Costa Rica is full of nature and beauty, in fact it is one of the richest corners of the globe. The small country of Central America is undoubtedly one of the best places to visit if you want guaranteed natural encounters of any kind. The beauty is that you don’t necessarily have to travel far to find them, many people just walk out of their hotel and come face to face with fascinating creatures of all kinds.
Sloths are animals that are part of the toothless family, as are anteaters and armadillos, although they actually do have teeth. They are known to most for their incredible slowness: rest assured a photo of a sloth will never be moved. Sloths have become somewhat of a popular animal in recent years, with people appreciating and indulging their slow, lazy pace of life. The graceful creature later became a symbol of Costa Rica, with its “pura vida” view of life mirroring the country itself. Their slowness is scientifically measured: they travel at a speed of 0.24 kilometers per hour. The head of sloths also has a particular feature: it can rotate up to 270 degrees, thus being able to see the whole environment around it. They have a low body temperature, which is why they love the heat. Sloths can live up to 40 years thanks to the microorganisms they develop in the coat that protects them from disease.
The eyes have a purplish-blue hue and are surrounded by a dark yellow bare skin area. The legs are very short and gray in color, with two front and two rear toes that allow a stable support on the branches of the trees. Up to six toucans can sleep in the same nest, as each of them occupies a very small space: this animal literally sleeps wrapped around itself, with its beak resting on its back. The toucan is a resident bird, but it can occasionally migrate to occupy a new territory or to escape the rigors of winter. Toucans are some of the strangest looking birds on the planet. With their giant curved beaks and relatively small body size, you might think they will fall from trees. Costa Rica is home to six species of toucans, including the keel-billed variety which is what most people might think of when imagining the unusual bird.
3-White-faced capuchin monkey
There are many species of primates, but the Capuchin monkey is unmistakable and admired for its characteristic physical appearance, but it is also known for its intelligence. However, many do not know where this curious primate lives or what it feeds on. From AnimalPedia we want to tell you everything you need to know about this fascinating animal and the threats it sadly faces daily because of man.These cute creatures are also known as the white-faced monkey and are commonly found in many of the parks national parks in Costa Rica, including the Monteverde Rainforest and Manuel Antonio National Park. They are used to visitors and have no problem getting close to you, often running past your legs! They are also often spotted near the beaches of Manuel Antonio, so if you go for a dip we recommend looking at your belongings or you might spot one of these cheeky animals peeling off with sunglasses.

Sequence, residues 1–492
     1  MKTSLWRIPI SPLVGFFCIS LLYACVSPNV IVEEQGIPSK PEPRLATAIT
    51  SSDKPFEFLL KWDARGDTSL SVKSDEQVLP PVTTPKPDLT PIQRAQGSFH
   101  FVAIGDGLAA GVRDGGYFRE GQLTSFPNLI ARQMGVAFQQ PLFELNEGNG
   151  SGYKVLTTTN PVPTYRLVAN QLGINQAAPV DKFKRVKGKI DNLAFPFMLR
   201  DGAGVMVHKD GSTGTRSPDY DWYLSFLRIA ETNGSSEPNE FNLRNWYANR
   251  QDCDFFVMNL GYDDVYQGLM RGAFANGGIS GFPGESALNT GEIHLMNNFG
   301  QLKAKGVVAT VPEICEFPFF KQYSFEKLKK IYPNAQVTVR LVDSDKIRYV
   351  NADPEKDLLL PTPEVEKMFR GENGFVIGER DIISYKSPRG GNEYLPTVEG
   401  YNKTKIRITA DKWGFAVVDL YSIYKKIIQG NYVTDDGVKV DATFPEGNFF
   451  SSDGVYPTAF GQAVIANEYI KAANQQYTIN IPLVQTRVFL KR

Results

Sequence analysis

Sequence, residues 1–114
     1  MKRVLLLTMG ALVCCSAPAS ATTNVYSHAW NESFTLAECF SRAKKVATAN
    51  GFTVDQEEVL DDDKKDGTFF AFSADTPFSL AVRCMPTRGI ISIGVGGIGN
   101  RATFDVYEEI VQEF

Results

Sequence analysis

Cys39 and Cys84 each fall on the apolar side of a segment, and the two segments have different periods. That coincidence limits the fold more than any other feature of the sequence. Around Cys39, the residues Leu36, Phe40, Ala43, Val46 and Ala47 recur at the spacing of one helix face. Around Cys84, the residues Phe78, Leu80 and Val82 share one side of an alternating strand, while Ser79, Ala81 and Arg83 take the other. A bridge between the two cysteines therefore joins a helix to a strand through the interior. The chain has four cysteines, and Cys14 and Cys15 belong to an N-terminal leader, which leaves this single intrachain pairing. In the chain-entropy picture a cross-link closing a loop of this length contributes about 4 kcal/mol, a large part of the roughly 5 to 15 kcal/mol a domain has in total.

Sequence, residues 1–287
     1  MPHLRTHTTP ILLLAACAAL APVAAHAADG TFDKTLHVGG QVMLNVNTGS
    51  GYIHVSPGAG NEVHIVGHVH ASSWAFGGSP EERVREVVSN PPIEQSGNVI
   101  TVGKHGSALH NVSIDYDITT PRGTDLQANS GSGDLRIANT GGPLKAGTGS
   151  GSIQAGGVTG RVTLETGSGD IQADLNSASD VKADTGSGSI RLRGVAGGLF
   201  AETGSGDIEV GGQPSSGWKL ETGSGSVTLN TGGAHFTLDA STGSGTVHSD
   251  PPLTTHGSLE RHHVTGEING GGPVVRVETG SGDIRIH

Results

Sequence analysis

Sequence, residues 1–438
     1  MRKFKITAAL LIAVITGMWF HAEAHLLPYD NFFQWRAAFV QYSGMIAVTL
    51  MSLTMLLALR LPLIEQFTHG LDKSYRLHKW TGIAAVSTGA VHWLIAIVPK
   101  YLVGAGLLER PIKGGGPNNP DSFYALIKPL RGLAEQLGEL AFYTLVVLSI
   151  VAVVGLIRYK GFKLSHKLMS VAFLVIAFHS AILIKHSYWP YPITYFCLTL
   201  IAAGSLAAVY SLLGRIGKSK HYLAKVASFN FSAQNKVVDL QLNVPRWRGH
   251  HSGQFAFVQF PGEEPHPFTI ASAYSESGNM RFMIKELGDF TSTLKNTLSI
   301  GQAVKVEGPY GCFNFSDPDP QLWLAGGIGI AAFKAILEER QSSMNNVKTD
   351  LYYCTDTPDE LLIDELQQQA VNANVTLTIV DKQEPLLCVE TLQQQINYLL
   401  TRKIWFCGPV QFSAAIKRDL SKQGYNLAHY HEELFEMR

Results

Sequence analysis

Males and females are similar and only if you look closely you will notice that the males have longer feathers and relatively larger beaks. The young specimens have grayish legs and feet; this characteristic changes over time until it reaches adulthood, when the color turns black. This tropical parrot has a powerful beak to crush even the toughest nuts; the upper part of the beak is horn-colored while the base and tip are black. The legs and feet are also black. Native to Costa Rica, Scarlet Macaws are the perfect wildlife photo, with their bright rainbow-style feathers contrasting with the lush green rainforest backdrop. They are considered to be one of the most beautiful types of parrot and are often used in wildlife pictures due to their colorful exterior.
If you are near water, look for colorful plants or flowers and you might be lucky enough to spot an equally colorful hummingbird feeding on nectar. These small but beautiful birds, with fluorescent feathers of green, blue and purple hues, are commonly seen in La Fortuna and Monteverde but can be spotted anywhere in Costa Rica that is close to the water. The hummingbird is a bird whose size is astonishing, in fact among the various existing species we have: the bee hummingbird is the smallest species of hummingbird (2.2 grams) and is also the smallest of all the birds in the world. The giant hummingbird is the largest species and weighs around 20 grams. Some species have characteristic beaks, so much so as to remember it in the name, such as saw-billed hermit or sword-billed hummingbird. Each species of hummingbird is suitable for sucking a particular type of nectar from flowers: for this particular reason the tongue and the beak change from specimen to specimen, according to the needs, habits and territory of these small birds.
6-Morpho Blue Butterfly
The blue morph is an iridescent tropical butterfly from Central and South America. It has a wingspan of 15 cm. Adults drink the juice of rotten fruit, with their long proboscis, which is like a sucking tube. Adult males have brighter colors than females. Blue morpho butterflies are neotropical butterflies found mostly in Central America, as well as Mexico and South America including Brazil, Costa Rica, and Venezuela. The blue morph butterfly drinks its food rather than eating it. It uses its trunk to drink sap and juice from fruit. Blue morpho butterflies taste through sensors they have on their legs and smell the air thanks to their antennae. When you walk through Costa Rica’s warm, humid rainforests, looking for toucans, monkeys, sloths and more, it can be easy to forget the little jungle residents. Although small, the Blue Morpho Butterfly is among the largest species in the world with a wingspan of between five and eight inches.